Reseeds. Rates the likelihood of a cover crop reestablishing through self-reseeding if it’s allowed to mature and set seed. Aggressive tillage will bury seed and reduce germination. Ratings assume the tillage system has minimal effect on reseeding. Dependable reseeding ability is valued in some orchard, dryland grain and cotton systems, but can cause weed problems in other systems. See the narratives for more detail.
CHARTS 4A AND 4B
These charts provide relative ratings of other management considerations—benefits and possible drawbacks—that could affect your selection of cover crop species.
The till-kill rating assumes tillage at an appropriate stage. The mow-kill ratings assume mowing at flowering, but before seedheads start maturing. See sectional narratives for details.
Ratings are based largely on a combination of published research and observations of farmers who have grown specific covers. Your experience with a given cover could be influenced by site-specific factors, such as your soil condition, crop rotation, proximity to other farms, weather extremes, etc.
Soil Impact. Assesses a cover’s relative ability to loosen subsoil, make soil P and K more readily available to crops, or improve topsoil.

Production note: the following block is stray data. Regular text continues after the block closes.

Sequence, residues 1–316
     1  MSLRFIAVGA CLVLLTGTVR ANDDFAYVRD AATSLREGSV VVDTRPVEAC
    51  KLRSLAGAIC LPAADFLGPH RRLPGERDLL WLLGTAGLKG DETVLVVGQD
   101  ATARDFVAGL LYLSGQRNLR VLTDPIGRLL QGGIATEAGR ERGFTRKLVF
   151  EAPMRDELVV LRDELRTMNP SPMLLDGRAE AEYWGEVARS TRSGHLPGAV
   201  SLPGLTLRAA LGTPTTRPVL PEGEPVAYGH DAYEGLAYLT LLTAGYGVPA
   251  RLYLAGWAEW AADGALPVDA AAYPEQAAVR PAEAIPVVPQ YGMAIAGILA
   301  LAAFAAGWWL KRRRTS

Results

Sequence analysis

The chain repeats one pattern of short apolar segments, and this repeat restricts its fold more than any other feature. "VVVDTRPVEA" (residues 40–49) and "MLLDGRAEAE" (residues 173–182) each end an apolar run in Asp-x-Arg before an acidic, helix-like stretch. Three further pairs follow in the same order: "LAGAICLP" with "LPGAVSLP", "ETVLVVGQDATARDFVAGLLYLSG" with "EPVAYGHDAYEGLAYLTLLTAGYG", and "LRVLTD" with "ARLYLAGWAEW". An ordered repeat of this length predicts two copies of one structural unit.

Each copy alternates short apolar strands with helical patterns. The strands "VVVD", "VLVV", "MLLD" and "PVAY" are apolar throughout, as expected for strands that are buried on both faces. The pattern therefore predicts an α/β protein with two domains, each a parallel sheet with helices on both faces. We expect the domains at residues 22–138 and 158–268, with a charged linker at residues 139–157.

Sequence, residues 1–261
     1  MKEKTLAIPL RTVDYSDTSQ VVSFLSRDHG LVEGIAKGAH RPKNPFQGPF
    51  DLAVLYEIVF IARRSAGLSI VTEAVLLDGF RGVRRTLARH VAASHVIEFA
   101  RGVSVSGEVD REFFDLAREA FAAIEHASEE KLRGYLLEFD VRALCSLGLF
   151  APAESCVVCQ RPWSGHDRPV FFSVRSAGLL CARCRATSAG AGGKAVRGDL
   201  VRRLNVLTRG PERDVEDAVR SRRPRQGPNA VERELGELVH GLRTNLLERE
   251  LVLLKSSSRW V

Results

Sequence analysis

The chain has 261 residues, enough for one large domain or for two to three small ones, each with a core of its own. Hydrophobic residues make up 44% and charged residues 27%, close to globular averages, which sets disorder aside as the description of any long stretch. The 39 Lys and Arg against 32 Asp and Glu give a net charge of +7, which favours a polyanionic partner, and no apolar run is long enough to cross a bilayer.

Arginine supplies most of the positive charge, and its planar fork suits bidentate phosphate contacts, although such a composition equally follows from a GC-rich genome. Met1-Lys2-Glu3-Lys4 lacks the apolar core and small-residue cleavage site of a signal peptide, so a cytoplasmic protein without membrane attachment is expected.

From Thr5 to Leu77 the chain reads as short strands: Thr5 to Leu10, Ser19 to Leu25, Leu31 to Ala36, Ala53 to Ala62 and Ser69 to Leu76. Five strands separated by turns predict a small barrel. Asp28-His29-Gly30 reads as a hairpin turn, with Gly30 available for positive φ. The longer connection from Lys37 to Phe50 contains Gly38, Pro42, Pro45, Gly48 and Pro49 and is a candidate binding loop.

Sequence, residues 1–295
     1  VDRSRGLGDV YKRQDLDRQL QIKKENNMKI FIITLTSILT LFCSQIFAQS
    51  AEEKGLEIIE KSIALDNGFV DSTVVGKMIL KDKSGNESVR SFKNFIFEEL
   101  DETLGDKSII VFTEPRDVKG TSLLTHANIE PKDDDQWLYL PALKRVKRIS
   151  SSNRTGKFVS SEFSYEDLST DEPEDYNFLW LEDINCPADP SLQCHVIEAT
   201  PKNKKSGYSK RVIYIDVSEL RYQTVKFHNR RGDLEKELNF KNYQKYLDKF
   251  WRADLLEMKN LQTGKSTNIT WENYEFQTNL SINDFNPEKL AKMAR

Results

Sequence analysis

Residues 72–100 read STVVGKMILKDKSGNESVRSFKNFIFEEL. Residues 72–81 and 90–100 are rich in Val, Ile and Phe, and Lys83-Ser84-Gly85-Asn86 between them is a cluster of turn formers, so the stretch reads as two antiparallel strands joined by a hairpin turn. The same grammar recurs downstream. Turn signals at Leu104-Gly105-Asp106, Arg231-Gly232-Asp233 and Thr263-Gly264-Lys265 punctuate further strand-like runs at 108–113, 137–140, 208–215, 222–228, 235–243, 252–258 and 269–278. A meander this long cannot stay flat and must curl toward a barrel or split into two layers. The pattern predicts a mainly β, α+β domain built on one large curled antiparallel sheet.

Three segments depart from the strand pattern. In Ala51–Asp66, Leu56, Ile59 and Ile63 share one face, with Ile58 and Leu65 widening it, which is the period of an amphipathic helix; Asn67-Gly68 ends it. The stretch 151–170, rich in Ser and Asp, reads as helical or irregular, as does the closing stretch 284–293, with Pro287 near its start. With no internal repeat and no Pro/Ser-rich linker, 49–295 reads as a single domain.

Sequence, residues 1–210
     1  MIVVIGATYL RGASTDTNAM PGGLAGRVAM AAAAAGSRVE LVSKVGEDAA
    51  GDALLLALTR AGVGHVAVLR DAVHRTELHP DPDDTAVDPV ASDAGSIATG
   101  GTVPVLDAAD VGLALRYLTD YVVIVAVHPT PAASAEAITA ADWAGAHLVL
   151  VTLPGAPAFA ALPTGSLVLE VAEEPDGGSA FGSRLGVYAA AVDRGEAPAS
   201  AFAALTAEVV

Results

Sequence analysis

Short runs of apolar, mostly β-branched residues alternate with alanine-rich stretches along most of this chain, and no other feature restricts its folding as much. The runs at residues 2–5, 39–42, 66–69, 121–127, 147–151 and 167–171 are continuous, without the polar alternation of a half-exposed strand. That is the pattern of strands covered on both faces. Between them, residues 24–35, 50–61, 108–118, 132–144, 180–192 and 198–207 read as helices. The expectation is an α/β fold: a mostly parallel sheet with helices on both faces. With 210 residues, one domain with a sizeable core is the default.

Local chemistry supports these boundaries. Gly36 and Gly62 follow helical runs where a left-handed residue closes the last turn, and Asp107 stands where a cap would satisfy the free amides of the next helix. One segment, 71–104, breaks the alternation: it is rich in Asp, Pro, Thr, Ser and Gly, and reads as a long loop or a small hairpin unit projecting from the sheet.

Soil Ecology. Rates a cover’s ability to fight pests by suppressing or limiting damage from nematodes, soil disease from fungal or bacterial infection, or weeds by natural herbicidal (allelopathic) or competition/smothering action. Researchers report difficulty in conclusively documenting allelopathic activity distinct from other cover crop effects, and nematicidal impacts are variable, studies show. These are general, tentative ratings in these emerging aspects of cover crop influence.
Other. Indicates likelihood of attracting beneficial insects, of accommodating field traffic (foot or vehicle) and of fitting growing windows or short duration.
Increase Pest Risks. Relative likelihood of a cover crop becoming a weed, or contributing to a likely pest risk. Overall, growing a cover crop rarely causes pest problems, but certain cover crops may contribute to particular pest, disease or nematode problems in localized areas, for example by serving as an alternate host to the pest. See the narratives for more detail.
Readers note the shift in meaning for symbols on this chart only.
Management Challenges. Relative ease or difficulty of establishing, killing or incorporating a stand. “Till-kill” refers to killing by plowing, disking or other tillage. “Mature incorporation” rates the difficulty of incorporating a relatively mature stand. Incorporation will be easier when a stand is killed before maturity or after some time elapses between killing and incorporating.